“Working for an instructor is worlds apart from working with an instructor with the aim of learning about the practice of teaching.”
A Plea for More Teaching Apprenticeships
by Mercy Corredor
What the genius myth is to the researcher, the great pedagog myth is to the teacher. Just as the genius myth presents one as either “having it” or not, the great pedagog myth tags one fairly early on in their careers in just the same way. One either has the charm, charisma, and clarity necessary for teaching or simply is not cut out for that part of the job. For fairly obvious reasons, there is much that is wrong about the great pedagog myth. For one, any good teacher will tell you that they only became good at their trade by caring enough to put in the hard work and thoughtfulness that is necessary (if not sufficient) for achieving their particular flavor of excellence.
And yet, I believe that there is something that’s actually right about the great pedagog myth. And that is what concerns me here today. Good teaching is not just about caring. One can care plenty and not yet have acquired the right habits and grace (e.g. helpful turns of phrases, ways of moving their bodies around the classroom, white board etiquette, ways of responding to behavioral problems, etc.) that allow one to feel at ease in the classroom and which are conducive to student-learning. These things, I suspect, really do come to some naturally, to others in time, and to some not at all. For those in the second and third groups, models of how to teach are often essential for acquiring the right habits. Graduate students are given ample opportunity to watch their faculty lecture to undergraduates and lead graduate seminars, but when one is trying to learn how to lead mid-sized classroom discussions, which is where most grad students find themselves, these models aren’t easily translatable.
But what if we could observe up close and personal, excellent examples of how to do the very thing our job as graduate students instructors requires of us? This past summer I worked closely with a masterful professor, Ann Cahill (Elon University), at the Hamilton College Summer Program in Philosophy. The HCSPiP specializes in innovative pedagogy and gives professors a platform to try out new pedagogical tools for two weeks in a pristine environment: tons of autonomy, great students, no grading, and a dedicated graduate student apprentice to help run the course. The program culminates with a pedagogy conference wherein the participating professors and apprentices reflect on the effectiveness of their respective courses. It is pedagogy utopia.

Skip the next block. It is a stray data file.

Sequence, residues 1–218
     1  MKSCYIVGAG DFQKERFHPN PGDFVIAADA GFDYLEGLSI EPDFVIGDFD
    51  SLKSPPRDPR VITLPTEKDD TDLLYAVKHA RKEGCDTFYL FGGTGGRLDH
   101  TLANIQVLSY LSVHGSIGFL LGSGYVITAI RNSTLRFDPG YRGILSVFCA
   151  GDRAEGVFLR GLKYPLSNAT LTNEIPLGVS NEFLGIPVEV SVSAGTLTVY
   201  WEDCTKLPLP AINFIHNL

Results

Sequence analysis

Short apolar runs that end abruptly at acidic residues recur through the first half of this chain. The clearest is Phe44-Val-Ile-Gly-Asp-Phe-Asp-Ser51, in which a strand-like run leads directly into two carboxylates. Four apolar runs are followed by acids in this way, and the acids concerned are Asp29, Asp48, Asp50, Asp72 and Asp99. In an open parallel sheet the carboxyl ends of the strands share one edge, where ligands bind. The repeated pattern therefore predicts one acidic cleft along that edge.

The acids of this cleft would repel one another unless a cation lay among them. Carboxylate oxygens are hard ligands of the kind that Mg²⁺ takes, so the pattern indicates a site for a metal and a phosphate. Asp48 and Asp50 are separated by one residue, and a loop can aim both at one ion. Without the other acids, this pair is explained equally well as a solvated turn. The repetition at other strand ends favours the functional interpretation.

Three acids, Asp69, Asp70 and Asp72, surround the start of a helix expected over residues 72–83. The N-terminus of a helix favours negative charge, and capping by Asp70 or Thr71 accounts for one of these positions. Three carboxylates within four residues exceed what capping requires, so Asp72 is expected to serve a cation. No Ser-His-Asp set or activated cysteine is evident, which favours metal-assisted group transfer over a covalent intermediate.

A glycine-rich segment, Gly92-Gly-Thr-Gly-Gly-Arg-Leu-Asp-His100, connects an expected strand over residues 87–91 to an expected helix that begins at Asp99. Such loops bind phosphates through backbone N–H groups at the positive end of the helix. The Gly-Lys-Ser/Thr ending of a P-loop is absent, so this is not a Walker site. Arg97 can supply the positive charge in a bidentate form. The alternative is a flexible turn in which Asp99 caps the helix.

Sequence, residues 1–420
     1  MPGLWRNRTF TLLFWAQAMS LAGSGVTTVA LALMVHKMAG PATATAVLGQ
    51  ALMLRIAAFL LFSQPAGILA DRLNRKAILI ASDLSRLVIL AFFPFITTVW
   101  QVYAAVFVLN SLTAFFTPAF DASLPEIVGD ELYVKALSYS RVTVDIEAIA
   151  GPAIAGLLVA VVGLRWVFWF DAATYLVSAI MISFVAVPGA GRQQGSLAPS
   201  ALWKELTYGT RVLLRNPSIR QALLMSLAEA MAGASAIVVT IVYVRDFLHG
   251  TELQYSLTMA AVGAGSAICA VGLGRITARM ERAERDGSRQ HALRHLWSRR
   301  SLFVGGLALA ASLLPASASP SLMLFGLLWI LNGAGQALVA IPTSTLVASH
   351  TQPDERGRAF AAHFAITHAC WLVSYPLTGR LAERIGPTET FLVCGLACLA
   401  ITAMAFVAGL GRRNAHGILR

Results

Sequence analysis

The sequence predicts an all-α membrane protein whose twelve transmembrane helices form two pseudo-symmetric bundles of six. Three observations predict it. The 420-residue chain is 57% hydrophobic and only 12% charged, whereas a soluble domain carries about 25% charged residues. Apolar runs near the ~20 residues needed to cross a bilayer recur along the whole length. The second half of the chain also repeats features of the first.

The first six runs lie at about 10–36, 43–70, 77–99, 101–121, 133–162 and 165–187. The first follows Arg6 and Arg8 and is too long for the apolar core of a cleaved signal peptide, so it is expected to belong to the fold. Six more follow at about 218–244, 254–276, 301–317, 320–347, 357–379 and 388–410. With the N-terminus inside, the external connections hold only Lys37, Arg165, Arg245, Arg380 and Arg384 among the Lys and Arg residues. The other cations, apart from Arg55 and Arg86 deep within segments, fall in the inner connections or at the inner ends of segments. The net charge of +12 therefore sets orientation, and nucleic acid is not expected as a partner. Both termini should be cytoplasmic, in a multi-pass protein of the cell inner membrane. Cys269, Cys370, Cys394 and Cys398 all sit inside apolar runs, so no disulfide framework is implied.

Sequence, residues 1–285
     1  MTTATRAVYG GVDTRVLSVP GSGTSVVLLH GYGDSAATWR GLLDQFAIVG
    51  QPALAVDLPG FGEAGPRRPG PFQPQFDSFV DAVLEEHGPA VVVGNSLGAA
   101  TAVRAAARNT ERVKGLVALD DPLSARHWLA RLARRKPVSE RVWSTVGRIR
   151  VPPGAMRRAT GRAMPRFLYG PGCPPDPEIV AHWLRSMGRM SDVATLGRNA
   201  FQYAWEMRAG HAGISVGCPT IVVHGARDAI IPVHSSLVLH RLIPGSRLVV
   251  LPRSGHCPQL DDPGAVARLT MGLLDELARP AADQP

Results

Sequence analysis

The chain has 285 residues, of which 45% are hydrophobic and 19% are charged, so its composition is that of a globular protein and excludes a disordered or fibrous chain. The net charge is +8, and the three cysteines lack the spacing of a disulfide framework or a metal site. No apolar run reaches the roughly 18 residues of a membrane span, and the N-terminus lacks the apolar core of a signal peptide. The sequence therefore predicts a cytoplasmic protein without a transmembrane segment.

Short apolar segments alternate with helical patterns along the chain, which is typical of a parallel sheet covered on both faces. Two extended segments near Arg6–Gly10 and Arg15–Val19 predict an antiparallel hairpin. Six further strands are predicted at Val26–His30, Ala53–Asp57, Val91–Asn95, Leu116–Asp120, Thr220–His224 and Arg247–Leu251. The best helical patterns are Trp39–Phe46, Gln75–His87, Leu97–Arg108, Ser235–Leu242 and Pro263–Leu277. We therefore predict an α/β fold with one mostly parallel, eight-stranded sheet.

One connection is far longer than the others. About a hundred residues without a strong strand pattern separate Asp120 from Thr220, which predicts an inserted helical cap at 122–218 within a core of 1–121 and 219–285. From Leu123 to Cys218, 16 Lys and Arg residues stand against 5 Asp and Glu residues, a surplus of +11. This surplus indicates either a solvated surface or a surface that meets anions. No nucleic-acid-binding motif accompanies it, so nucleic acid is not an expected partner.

The program has many virtues, each of which could warrant its own blog post. But what most excites me—having served as one of the program’s three graduate student apprentices—about the program is that it gave me the ability to plan classes, lead discussion, and reflect on pedagogy alongside an excellent and experienced teacher. Every morning Ann and I would meet for breakfast at 8am and we would lesson plan for an hour, we would walk over to class together, co-teach the class, and we would then spend our walk back to the dining hall debriefing on what about the day’s class worked and what didn’t.
The apprenticeship model is importantly different from the standard model of learning to teach by serving as a TA. Working for an instructor is worlds apart from working with an instructor with the aim of learning about the practice of teaching. Working with requires that both the lead instructor and the graduate student see their relationships as a sort of co-teaching, where each member of the dynamic has a distinct set of skills and perspectives that each can learn from. Where the instructor will likely have more in the way of experience to bring to the table, the graduate student apprentice might be able to perceive and understand features of the classroom dynamic that might be opaque to the lead instructor.
During my time serving as an apprentice I learned so much about good pedagogy, so quickly, that I began to question why this model isn’t more standard in philosophy departments. One reason might be that it is too time-consuming, that graduate students simply don’t have the time for teaching apprenticeships. I could say something in response about how teaching well is intrinsically valuable or how we all spend a good portion of our time teaching and so should learn how to derive pleasure from the activity or how we simply have a certain set of duties to our students. But even for those who are unlikely to be moved by such arguments, my plea for more teaching apprenticeships still stands. For working closely with an excellent teacher taught me skills that made me a much more efficient teacher.
One might also worry that even if this would be helpful for graduate students, it would simply be too much work for the lead instructor. My thought here is that apprenticeships would build trust and shared-understanding between lead instructors and graduate students that often do not exist under the current model, and that this trust and shared-understanding would encourage faculty to share more of the work (e.g. lesson prep, assignment construction, etc.) with their graduate student co-teacher. Ultimately, with some creativity and good will, I believe that apprenticeships can serve the needs of both graduate students and professors.
Of course, not all teaching apprenticeships will go as well as mine. After all, I was lucky enough to have been paired with someone who is not just great at what she does but who also had the desire to mentor me well. The two likely share a root cause.
Yet, as we continue to think of new ways to breathe new life into how we teach philosophy and how we learn to teach philosophy, I believe we should be creative. Spending two weeks serving as an apprentice worked wonders for my teaching ability, comfort, and, above all, my passion for teaching. I suspect it would do the same for many others too.